How Physical Security Systems Can Give Banks A Competitive Edge

By Andrew Elvish

I recently bought a new house which happens to be right across the street from my bank. This means that, in addition to working with our banking customers all over the world, I’m now able to observe my local branch from the front porch. From these various perspectives, I have seen the increased focus banks of every size are placing on developing strategies to attract and retain customers, as they continue to keep savings and investments safe. More than ever before, banks are looking at new ways to enhance what they’re currently doing and improve the services they’ll be able to offer in the future.

Infrastructure advancements need to keep up with business growth
Here in Canada, our banks are world-renowned and have been seeing incredible success year after year. In fact, banking the world over is seeing tremendous growth. But, with this growth, it has become more apparent that parts of banking infrastructure —specifically the approach to physical security— need to continue to advance as well.

With so much to protect, it is hardly surprising that banks were early adopters of physical security systems. Access controlled doors to restrict entry to secure areas, and video surveillance systems to provide a watchful eye on transactions have been a staple in retail banks for decades.

But sometimes investing early makes it more difficult to keep up with advancements. For many retail banks, analog-based systems are no longer sufficient for helping to provide the service necessary to increase their customer base. When you deploy analog hardware, for example, you miss out on the opportunity to utilize analytics to improve your customers’ experience. You also reduce your ability to respond to incidents as quickly and effectively as you could, and keep your security teams from being as agile as they should be. All of which can make you less competitive in this dense market.

How to gain a competitive edge
When retail banks were first established, the thinking was that the institutions had to protect their local people and assets. In many ways, they were siloed by default because national or regional head offices did not necessarily need to access the security systems in their distributed branches. But the market is changing. Now, as banks of every size continue to protect the things that matter, they are also endeavoring to improve their customers’ experience. As a result, they are seeing the value of moving to IP-based solutions.

One of the key advantages of IP-based physical security solutions is the opportunity to deploy a unified system. While not all IP-based systems offer real unification, those that do can enable banks make meaningful changes that will help them become more competitive.

A great example of this is what local branches can do with the vast amounts of data they collect through their security systems. When they employ analytics tools to truly understand their data, they can make better informed decisions about staffing and how to manage the flow of people, both of which can have a significant positive impact on their customers’ journey.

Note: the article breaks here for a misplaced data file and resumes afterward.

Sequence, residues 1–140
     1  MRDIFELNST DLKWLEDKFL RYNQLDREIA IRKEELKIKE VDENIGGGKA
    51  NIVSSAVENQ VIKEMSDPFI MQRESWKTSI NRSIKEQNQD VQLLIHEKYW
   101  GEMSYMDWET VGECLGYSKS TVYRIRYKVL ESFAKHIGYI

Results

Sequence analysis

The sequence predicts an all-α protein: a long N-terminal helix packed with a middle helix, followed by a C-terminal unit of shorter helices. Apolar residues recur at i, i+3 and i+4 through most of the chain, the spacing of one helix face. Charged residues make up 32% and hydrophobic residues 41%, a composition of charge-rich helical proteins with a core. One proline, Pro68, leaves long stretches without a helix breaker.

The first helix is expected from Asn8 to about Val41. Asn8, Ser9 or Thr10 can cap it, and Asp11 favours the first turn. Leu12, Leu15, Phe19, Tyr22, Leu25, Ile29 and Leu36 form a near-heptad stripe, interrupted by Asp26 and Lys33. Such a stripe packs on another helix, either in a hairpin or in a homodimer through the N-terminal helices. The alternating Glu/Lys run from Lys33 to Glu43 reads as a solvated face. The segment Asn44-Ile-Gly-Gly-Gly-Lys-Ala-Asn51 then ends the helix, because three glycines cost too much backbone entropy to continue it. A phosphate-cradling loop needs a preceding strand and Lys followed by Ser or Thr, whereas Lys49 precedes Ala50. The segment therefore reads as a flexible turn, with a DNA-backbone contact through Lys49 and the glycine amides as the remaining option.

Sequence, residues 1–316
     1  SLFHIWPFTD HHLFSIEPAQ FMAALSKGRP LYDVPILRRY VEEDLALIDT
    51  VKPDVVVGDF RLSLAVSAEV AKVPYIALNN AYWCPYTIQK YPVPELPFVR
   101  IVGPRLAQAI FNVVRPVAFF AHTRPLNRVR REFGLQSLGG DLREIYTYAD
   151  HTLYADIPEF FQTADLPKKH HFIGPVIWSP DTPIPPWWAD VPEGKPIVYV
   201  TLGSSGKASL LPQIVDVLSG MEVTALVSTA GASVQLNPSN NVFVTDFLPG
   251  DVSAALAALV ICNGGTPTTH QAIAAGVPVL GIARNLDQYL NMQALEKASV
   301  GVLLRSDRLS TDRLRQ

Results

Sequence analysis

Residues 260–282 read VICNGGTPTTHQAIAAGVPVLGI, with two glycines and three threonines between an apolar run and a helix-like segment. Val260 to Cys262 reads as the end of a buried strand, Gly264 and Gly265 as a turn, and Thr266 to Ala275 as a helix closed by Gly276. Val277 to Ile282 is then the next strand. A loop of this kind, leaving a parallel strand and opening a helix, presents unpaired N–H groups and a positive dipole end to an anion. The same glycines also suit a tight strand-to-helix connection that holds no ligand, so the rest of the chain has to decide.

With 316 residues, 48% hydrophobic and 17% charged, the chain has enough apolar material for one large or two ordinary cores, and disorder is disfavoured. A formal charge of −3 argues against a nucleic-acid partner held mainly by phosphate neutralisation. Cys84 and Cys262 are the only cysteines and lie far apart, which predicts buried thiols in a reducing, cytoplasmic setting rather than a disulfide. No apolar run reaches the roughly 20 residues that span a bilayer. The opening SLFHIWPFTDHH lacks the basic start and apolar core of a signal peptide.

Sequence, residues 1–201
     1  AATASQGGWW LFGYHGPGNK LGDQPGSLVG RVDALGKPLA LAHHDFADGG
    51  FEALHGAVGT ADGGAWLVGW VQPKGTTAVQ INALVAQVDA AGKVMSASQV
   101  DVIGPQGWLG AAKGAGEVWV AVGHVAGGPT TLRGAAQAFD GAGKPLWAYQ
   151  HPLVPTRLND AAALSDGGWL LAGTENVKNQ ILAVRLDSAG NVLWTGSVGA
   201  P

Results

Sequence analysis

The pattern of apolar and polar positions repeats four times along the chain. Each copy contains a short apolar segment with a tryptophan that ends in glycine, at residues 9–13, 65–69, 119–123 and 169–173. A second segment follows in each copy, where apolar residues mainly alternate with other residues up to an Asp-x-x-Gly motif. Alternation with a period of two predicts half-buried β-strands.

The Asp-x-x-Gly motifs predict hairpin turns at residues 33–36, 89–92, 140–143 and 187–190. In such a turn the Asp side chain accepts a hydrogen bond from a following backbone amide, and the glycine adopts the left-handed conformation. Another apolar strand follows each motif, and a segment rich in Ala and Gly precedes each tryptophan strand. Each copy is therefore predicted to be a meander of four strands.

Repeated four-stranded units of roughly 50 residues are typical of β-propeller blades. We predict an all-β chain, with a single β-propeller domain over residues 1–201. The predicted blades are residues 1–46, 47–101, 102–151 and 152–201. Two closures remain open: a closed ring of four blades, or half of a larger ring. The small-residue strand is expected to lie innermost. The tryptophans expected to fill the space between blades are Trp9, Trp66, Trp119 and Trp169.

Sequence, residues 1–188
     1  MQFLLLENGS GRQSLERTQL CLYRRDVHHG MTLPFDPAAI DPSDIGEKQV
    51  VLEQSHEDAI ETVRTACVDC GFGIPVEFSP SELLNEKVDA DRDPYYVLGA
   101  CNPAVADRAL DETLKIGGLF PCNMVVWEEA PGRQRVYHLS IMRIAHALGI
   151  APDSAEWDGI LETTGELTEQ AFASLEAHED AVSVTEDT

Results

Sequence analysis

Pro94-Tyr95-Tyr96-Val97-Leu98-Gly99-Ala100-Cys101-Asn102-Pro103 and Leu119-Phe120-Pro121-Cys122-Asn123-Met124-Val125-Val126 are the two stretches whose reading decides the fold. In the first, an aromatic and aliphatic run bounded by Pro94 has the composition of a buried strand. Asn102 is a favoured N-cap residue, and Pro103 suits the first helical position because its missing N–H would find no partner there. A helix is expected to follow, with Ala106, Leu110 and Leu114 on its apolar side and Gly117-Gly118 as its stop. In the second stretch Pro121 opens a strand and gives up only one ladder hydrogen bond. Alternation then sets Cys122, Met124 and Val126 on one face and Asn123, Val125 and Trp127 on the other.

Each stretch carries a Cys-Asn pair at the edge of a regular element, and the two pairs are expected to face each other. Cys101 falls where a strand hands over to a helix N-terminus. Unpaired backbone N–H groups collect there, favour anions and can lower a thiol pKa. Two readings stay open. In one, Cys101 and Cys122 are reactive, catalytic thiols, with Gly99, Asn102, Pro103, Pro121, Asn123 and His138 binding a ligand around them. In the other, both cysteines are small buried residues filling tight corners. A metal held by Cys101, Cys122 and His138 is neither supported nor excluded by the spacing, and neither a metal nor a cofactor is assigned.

A unified system can also improve overall branch security. We know that the days of keeping security personnel behind a desk are long gone. Having people glued to screens discourages quick responses. When an IP-based solution gives personnel all the information they need, including alarms and associated video footage, on their tablets or smartphones, it helps keep security teams agile and ready to assist or respond quickly.

And, if an event does occur, security personnel also need to know where to go and what they will find when they get there. An IP-based security system that includes a map-based interface that shows a location’s cameras, doors, and other devices can make all the difference in an emergency.

Then, once the situation is under control and everything is back to normal, the bank can use the data collected to review and improve responses and then make their findings part of their training material. In this way, information gathered at one branch can have a positive impact on the entire organization.

Focus on cyber security
Of course, one of the big issues facing every institution, organization, or individual is cyber security. And, given the amount and type of data that banks keep, making sure that all of their systems and networks are secure is of the utmost importance. So, as they make the move to improve security and their customers’ experience, banks must keep cyber security in mind.

This means understanding how to protect networks from outside threats, including criminal cyber activities like hacking or malware, as well as controlling internal access to sensitive data in order to protect privacy. Banks must deploy solutions that were designed with defense in depth. When it comes to cyber security, add-on fixes are no match for defenses built from the ground up.

Staying ahead in a successful market can be a challenge. In the rapidly growing banking industry, it would be a mistake to simply focus on what is already working. Banks of every size must be prepared to look at their systems, tools, and environments in new ways. Deploying a unified, IP-based physical security system that helps banks improve both their customers experience as well as their own ability to respond knowledgably and efficiently to incidents can play a significant role in gaining that all-important competitive edge.

About The Author
Andrew Elvish is a columnist, explorer, and the Vice President of Marketing and Product Management at Genetec. Andrew has over 20 years’ experience in the software industry and will surprise you with his knowledge of great restaurants all over the world.


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